Young people in Waikato will be the first to have free access to period products in schools in another step to support children and young people in poverty,” Prime Minister Jacinda Ardern said.  During term 3, the Ministry of Education will begin providing free period products to schools following the ...
    BeehiveBy beehive.govt.nz
    2 days ago
  • Response to charges in New Plymouth
    The Minister of Police Stuart Nash has issued the following statement in response to charges filed against three Police officers this morning in the New Plymouth District Court. “Any incident involving a loss of life in Police custody is taken very seriously. The charges today reflect the gravity of the ...
    BeehiveBy beehive.govt.nz
    2 days ago
  • Govt boosts innovation, R&D for economic rebuild
    $196 million for Crown Research Institutes $150 million for R&D loan scheme $33 million for Māori research and development opportunities $12 million for the Nationally Significant Collections and Databases $10 million to help maintain in-house capability at Callaghan Innovation New Zealand’s entrepreneurs, innovators and crown researchers will benefit from a ...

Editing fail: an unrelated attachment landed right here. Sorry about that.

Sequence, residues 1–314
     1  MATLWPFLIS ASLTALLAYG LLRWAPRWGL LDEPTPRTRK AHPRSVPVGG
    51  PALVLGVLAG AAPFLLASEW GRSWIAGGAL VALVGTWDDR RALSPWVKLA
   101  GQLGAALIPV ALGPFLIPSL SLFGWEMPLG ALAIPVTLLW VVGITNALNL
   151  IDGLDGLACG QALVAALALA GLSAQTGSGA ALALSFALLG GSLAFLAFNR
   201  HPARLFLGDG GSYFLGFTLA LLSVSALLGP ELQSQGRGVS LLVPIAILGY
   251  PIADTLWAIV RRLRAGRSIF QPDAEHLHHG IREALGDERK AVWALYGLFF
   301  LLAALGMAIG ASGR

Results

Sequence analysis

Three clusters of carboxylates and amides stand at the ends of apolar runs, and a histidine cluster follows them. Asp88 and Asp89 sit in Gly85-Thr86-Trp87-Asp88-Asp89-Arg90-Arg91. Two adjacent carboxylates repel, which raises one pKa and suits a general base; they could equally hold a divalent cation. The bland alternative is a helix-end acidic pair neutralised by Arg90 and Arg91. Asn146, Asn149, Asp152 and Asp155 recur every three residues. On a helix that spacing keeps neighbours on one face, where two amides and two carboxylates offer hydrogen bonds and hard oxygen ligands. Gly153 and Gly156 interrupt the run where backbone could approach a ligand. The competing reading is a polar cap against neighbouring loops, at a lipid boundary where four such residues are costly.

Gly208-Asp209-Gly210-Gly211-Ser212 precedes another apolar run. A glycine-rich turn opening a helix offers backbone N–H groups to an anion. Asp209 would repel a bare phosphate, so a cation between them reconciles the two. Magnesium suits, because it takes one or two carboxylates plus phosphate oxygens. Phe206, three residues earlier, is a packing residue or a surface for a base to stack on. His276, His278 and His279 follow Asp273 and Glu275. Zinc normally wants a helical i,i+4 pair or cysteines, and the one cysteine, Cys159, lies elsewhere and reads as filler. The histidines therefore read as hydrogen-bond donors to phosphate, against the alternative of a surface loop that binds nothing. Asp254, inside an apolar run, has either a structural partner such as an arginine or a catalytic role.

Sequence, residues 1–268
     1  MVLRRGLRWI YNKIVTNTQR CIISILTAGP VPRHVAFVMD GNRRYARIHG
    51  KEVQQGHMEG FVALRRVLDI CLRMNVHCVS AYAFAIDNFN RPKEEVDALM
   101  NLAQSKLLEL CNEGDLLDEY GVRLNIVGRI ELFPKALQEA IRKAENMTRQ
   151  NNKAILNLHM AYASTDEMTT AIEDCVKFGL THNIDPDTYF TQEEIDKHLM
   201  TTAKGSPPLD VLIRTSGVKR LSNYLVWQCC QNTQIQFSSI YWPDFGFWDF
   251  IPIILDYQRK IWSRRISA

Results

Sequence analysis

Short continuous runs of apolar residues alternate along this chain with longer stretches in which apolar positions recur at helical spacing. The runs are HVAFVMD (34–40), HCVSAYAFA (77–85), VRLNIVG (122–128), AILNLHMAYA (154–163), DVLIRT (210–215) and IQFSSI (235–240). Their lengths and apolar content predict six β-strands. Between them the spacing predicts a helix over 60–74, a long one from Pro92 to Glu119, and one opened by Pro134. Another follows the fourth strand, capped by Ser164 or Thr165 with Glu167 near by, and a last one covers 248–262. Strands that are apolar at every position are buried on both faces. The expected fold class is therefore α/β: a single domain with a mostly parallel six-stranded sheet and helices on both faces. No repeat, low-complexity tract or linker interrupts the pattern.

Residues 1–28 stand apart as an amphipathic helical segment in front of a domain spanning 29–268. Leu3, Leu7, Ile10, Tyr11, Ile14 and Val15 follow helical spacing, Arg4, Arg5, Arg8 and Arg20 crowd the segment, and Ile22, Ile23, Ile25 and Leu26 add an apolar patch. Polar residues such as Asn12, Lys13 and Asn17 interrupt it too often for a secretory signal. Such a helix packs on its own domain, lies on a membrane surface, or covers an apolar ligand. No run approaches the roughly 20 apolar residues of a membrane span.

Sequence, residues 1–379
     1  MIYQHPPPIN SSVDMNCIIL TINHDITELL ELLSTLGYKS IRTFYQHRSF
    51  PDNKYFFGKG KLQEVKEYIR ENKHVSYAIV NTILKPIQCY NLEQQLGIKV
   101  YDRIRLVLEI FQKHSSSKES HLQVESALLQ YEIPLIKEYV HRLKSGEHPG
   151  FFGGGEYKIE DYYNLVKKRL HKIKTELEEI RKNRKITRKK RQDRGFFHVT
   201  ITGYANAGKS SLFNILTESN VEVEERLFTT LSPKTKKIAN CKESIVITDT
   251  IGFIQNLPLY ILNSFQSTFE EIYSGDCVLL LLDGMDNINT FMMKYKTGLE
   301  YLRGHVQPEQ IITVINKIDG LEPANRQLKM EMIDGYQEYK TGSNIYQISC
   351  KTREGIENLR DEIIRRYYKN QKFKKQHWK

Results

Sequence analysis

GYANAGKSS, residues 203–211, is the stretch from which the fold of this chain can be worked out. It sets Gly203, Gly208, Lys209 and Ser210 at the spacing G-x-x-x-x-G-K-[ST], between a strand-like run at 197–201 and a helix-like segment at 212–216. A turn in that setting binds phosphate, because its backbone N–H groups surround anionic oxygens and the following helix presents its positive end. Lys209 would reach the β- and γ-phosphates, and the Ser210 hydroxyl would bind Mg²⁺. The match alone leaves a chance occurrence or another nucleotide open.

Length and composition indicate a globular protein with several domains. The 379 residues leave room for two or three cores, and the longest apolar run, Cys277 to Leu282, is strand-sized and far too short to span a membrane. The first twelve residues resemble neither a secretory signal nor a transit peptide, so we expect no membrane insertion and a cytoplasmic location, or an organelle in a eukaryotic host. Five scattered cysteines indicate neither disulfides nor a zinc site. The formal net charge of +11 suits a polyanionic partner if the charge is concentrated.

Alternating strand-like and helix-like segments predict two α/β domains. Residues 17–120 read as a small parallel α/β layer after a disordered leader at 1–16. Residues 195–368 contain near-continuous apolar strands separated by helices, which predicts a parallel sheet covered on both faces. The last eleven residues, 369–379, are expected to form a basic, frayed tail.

BeehiveBy beehive.govt.nz
    2 days ago
  • Temporary changes to NCEA and University Entrance this year
    Further temporary changes to NCEA and University Entrance (UE) will support senior secondary school students whose teaching and learning have been disrupted by COVID-19. “The wellbeing of students and teachers is a priority. As we are all aware, COVID-19 has created massive disruption to the school system, and the Government ...
    BeehiveBy beehive.govt.nz
    2 days ago
  • Extended terms for the directors of the Racing Industry Transition Agency
    Minister for Racing Winston Peters today announced that the terms for the directors of the Racing Industry Transition Agency (RITA) have been extended to 30 June 2021. Due to the COVID-19 crisis the transition period has been extended to ensure that the Racing Industry Bill can complete its progress through ...
    BeehiveBy beehive.govt.nz
    2 days ago
  • Healthy Homes Standards statement of compliance deadline extended
    The deadline for landlords to include detailed information in their tenancy agreements about how their property meets the Healthy Homes Standards, so tenants can see the home they are renting is compliant, has been extended from 1 July 2020 to 1 December 2020.  The Healthy Homes Standards became law on 1 July 2019. The Standards are ...
    BeehiveBy beehive.govt.nz
    3 days ago
  • Criminal Cases Review Commission board appointments announced
    Justice Minister Andrew Little today announced details of further appointments to the Criminal Cases Review Commission. “I am pleased to announce Paula Rose QSO OStJ as Deputy Chief Commissioner for a term of five years commencing on 15 June 2020,” said Andrew Little. “I am also pleased to announce the ...
    BeehiveBy beehive.govt.nz
    3 days ago
  • Release of initial list of supported training to aid COVID-19 recovery